12/20/2010 09:08 am ET Updated May 25, 2011

Terrorism in a Very Small Place

Terrorism doesn't happen here, you understand. Not in small-town Oregon. It's something that happens in other places, in big cities and faraway lands.

"I love our little bubble," lamented the woman to the local newspaper in Corvallis, one of whose citizens had just tried to detonate a car bomb in Portland. "But it's been popped."

Bubbles don't pop here, you understand. Not on this side of Paradise. Not in this incredibly lovely spot nestled amid the emerald fields and mountains of the Willamette Valley. Yes, a young Somali immigrant named Mohamed Osman Mohamud was arrested the day after Thanksgiving for attempting to commit mass murder at a Christmas tree lighting ceremony. Yes, someone hurled a firebomb through the window of the Corvallis mosque two days after Mohamud's arrest.

Could this really have happened here? Our town doesn't produce car bombers or arsonists, you understand. This is one of those progressive college towns where the city council discusses imposing green taxes in the middle of a recession. Where people bike to work, the deer (bless their legally protected hides) calmly saunter down the sidewalks, and someone is always flying off to Haiti or Africa or Afghanistan on a humanitarian mission. We celebrate diversity, gay marriage, and tolerance for all. Indeed, two nights after the mosque attack, a woman from the local synagogue organized a vigil at the mosque that inspired 300 people to hold candles on a rainy Northwest night. Though the Portland incident could have killed hundreds, the attack on the mosque (which only damaged the front office) drew far more attention. Letter after letter in the local paper vowed that our town was not a place of hate.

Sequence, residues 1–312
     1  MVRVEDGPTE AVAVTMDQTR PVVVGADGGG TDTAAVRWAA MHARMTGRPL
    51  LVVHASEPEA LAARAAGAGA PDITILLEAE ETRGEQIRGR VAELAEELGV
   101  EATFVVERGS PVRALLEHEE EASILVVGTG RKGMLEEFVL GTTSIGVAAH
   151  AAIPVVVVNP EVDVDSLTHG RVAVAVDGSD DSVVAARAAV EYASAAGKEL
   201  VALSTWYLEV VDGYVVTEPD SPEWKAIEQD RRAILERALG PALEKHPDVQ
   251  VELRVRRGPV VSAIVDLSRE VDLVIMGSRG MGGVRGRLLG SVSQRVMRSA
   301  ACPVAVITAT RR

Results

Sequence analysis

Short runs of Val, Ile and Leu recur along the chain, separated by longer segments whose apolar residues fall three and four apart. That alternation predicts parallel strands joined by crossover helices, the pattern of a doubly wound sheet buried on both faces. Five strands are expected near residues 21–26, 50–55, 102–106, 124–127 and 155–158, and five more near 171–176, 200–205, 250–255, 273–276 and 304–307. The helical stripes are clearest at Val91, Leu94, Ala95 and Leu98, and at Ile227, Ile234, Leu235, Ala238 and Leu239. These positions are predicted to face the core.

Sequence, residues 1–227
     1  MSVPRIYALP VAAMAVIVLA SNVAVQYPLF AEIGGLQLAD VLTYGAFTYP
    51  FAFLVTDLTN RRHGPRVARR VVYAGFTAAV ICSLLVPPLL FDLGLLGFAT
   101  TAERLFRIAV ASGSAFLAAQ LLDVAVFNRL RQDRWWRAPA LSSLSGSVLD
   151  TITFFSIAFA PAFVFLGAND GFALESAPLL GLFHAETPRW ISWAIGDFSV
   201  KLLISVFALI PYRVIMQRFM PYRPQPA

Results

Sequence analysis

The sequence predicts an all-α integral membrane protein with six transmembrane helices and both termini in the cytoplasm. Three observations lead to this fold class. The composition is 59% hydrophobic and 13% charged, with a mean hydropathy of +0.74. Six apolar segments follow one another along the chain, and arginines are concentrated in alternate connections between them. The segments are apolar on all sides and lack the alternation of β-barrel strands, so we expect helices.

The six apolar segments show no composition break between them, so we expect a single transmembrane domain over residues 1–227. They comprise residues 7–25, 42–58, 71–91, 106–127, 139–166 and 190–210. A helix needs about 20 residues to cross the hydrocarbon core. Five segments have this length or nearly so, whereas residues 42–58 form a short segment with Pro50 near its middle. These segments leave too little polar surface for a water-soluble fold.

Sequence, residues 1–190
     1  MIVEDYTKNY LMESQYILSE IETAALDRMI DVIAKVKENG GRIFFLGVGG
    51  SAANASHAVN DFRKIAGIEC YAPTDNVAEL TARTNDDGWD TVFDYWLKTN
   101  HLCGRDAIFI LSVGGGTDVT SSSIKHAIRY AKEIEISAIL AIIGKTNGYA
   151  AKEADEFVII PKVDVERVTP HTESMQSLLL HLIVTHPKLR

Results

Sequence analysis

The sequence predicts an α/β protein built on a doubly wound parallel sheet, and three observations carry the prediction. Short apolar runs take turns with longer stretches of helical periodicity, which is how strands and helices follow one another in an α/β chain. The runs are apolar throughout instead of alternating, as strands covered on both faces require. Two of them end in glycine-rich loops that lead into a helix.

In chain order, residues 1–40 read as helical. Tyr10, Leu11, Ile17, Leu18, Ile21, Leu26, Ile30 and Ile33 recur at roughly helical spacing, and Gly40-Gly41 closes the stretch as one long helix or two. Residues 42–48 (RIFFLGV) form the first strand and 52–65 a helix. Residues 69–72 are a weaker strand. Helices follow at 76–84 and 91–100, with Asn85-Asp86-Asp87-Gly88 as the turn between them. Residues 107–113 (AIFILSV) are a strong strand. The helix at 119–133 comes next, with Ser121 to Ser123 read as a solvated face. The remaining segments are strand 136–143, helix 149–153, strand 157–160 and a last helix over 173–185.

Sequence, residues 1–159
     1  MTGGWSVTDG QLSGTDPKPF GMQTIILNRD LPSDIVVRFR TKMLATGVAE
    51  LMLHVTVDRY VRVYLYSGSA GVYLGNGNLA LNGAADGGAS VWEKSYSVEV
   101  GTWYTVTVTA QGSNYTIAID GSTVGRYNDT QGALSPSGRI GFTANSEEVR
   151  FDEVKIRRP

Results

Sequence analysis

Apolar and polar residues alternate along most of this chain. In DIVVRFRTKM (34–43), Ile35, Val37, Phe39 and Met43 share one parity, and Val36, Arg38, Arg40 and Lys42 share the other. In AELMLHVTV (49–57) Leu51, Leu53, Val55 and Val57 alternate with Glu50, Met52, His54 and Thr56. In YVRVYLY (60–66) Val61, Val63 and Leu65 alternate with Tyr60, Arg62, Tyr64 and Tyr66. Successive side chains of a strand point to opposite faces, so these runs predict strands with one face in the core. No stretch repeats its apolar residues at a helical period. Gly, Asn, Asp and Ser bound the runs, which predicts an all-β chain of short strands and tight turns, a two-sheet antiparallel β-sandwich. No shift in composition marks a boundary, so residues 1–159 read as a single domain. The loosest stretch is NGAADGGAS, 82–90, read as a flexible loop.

It can't be a place of hate, because our town is different, you understand. Maybe other towns tolerate bigotry. But we don't watch Fox News and support unjust wars. Our town has been voted one of the best and safest places to live in America. How could a mass murderer come from such a loving place, surrounded by trees and bike lanes and organic food stores? In fact, Mohamud grew up in the Portland suburbs, and only moved to Corvallis to attend Oregon State University. So he wasn't really a resident after all, was he? And perhaps the FBI entrapped him in a sting operation. Gave him dummy explosives and waited like spiders for their prey to push the button on the cell-phone trigger. Yes, it was the FBI that popped our bubble.

Perhaps it's my fault for being too thick-skinned. I know what it is like to live under the shadow of terrorism. Our home was 10 miles from the Pentagon on 9/11; my wife watched the flames from her office window before they evacuated her building. I've told that story in Corvallis, and people look at me like I've just described a trip to the Moon.

Because terrorism doesn't belong here. We move to progressive communities in the Northwest, or California, or Vermont, to escape the madness. From our secluded oases of affluence and intellect, we sally forth to save the world from its troubles. How dare those troubles come here!

We have lost something precious, you understand. Not physical safety. Despite the Portland plot, it's hard to imagine some terrorist in Yemen placing Corvallis at the top of his hit list. Besides, why would anyone want to bomb us? We carefully sort our recyclables.

No, what we have lost is the visceral belief in the protective power of goodness. We embraced all the right causes, said all the right things, and it didn't save us. Bad things happen to good towns. It's just not fair.

We must rebuild our bubble. We know that it will be a difficult task. Bubble are so fragile, so artificial. They must be sustained through vigorous means. So we will organize vigils and write letters. We will examine ourselves for the slightest trace of whatever it is that turns people into terrorists.

And maybe, just maybe, we can restore our bubble.

Michael Peck is an editor for the Military Times magazine. He lives in Corvallis, Oregon.